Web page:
The Research

No matter what your age, gender or background, there’s always a lot to be gained from regular strength/resistance training. It is one of the most important things you can do to ensure your independence for many years to come.

Cardiovascular exercises like running, jogging have been shown to increase mental health. But recent studies have also suggested that regular resistance training (strength training and weightlifting) can provide a boost to our overall cognitive performance.

Young Adults Can Benefit From Weightlifting

According to lead researcher Lisa Weinberg: “Our study indicates that people don’t have to dedicate large amounts of time to give their brain a boost.” In support of this, The Georgia Institute of Technology found that younger adults who lifted weights not only strengthen their muscles but their brains too. Astoundingly only a couple of 20 minutes sessions showed a positive impact in long-term memory in the participants.

Source: https://scholarworks.iu.edu/dspace/bitstream/handle/2022/19681/McCracken_indiana_0093A_13393.pdf?sequence=1

In this experiment, 46 volunteers were randomly assigned to one of two groups—one active, and one passive. Initially, all of the participants viewed a series of 90 images, classified as either positive, neutral, or negative. Afterward, they were asked to recall as many images as they could.
Further research showed participants a series of positive, negative and neutral images (emotional experiences). Each participant was then allocated to a group; either active or passive. The active group performed 50 leg extensions at maximum effort (short term stress experience). The passive group let the machine move their legs without any exertion.
Two days later participants from both groups were shown the images again. Researchers recorded improved recall for the active group of both negative and positive images.

The final findings suggested a correlation between short term stress and memory improvement (in this case the recall of emotional experiences)

…Can Over 50’s Benefit From Resistance Training?

Previous research in men and women (ages ranging 50 to 85 years old) has found that a brief workout improves memory due to the exercise-induced release of the stress hormone norepinephrine.
A 2013 study conducted by the University of British Columbia examined the impact of resistance training in areas of on conflict resolution, attention and memory in women aged between 70-80 that were suffering from mild cognitive impairment (MCI).

All 86 participants performed baseline memory tests prior to starting the study. They were then divided into three groups; group 1 performed resistance training exercises, group 2 followed an aerobic program and group 3 attended balance & toning classes. All 3 groups trained twice a week over the course of 6 months.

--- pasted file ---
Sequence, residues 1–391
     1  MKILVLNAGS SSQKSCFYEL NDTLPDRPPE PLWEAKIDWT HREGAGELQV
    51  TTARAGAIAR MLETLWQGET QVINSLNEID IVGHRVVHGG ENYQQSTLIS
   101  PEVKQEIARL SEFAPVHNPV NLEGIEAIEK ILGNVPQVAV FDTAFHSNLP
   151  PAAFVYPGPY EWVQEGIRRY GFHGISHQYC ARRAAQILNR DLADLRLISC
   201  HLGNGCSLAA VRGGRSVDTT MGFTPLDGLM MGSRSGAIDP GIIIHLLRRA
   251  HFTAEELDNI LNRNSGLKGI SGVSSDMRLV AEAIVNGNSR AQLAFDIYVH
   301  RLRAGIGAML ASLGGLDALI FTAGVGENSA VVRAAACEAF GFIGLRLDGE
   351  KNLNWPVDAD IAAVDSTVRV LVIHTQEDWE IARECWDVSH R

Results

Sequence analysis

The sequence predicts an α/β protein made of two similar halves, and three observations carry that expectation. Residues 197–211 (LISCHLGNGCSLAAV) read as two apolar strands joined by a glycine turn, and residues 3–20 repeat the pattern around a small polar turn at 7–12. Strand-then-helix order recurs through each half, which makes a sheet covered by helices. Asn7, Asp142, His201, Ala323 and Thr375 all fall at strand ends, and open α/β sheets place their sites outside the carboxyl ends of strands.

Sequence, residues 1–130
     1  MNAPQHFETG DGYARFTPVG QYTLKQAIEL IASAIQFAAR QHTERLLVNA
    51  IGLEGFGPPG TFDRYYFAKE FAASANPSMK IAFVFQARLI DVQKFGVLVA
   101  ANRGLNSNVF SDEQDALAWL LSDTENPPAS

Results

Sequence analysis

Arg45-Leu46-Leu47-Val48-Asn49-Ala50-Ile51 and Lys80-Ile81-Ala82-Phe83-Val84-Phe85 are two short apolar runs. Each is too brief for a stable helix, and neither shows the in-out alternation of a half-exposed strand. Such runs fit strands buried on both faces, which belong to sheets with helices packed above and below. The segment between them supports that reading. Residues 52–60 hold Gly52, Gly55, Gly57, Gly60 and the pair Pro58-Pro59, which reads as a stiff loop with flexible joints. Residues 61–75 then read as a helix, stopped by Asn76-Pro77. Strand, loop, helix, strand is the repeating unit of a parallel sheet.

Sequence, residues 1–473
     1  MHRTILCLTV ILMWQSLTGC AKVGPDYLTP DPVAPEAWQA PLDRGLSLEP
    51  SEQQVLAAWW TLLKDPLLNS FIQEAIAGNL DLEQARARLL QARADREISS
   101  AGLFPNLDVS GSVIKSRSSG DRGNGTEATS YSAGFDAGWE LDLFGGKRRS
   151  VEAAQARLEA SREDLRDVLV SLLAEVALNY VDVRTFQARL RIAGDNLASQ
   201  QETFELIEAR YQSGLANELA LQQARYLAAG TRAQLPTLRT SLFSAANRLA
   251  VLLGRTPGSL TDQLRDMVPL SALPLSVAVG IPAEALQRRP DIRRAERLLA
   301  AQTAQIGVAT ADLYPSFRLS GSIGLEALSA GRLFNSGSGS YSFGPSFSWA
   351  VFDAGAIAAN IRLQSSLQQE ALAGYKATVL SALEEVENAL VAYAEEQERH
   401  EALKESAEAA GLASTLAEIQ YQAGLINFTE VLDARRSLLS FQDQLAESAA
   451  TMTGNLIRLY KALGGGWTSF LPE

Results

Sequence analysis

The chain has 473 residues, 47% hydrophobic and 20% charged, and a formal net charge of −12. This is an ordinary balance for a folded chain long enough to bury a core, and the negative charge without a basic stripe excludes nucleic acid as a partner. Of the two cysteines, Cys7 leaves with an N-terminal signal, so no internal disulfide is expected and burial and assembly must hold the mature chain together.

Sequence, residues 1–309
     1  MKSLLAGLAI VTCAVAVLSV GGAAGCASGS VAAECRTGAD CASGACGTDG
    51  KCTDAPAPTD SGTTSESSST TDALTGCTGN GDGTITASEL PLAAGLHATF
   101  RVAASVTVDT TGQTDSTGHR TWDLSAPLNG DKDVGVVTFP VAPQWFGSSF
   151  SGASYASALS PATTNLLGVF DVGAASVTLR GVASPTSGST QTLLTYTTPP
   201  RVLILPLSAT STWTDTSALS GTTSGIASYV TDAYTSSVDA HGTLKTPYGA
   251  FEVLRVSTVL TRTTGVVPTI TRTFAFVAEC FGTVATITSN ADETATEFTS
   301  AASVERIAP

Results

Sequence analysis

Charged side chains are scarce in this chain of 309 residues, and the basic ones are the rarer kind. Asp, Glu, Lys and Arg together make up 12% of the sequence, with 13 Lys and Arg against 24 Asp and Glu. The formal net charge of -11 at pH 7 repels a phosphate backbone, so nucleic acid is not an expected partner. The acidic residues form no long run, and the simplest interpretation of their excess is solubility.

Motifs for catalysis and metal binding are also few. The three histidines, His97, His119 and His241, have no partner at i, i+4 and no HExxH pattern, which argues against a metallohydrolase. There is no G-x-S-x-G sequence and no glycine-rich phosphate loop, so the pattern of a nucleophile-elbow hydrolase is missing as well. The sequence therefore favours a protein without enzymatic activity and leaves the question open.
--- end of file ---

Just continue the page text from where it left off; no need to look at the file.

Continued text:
At the end of the 6 months all participants re-took memory tests. The results showed a cognitive impairment growth in the balance & toning participants as they scored worst than at the start of the study. Both participants of the Resistance training and the aerobic groups performed better on almost all cognitive tests after 6 montths than they did before.
The researchers claimed that their results showed that resistance training can improve both your cognitive performance and your brain function.

Source: https://www.curejoy.com/content/weightlifting-build-muscles-brain/

Combating cognitive decline and stimulating executive functions…

Weight training, even as infrequently as once or twice a week, has been shown to improve something called “executive function” in the senior population.
Executive functions work as the building blocks of reasoning, planning and creative problem solving. The latest research supports the use of weight training as a way to improve these essential functions of the brain.

Throw a dumbbell at depression!

Out of all the benefits of resistance training, there is one that will always strike a cord… The happiness from within that is almost immediate once you start your journey into fitness.
Strength training doesn’t just make you think faster. It may just make your day brighter. Exercising skeletal muscles help the body purge a protein associated with depression. Look at the body’s ability to detoxify itself during periods of stress. Muscles which are consistently exercised even show the ability to mobilise enzymes to join the fight against depression – and how incredible is that…

Source:
https://www.ausmed.com/articles/exercise-induced-neuroplasticity/

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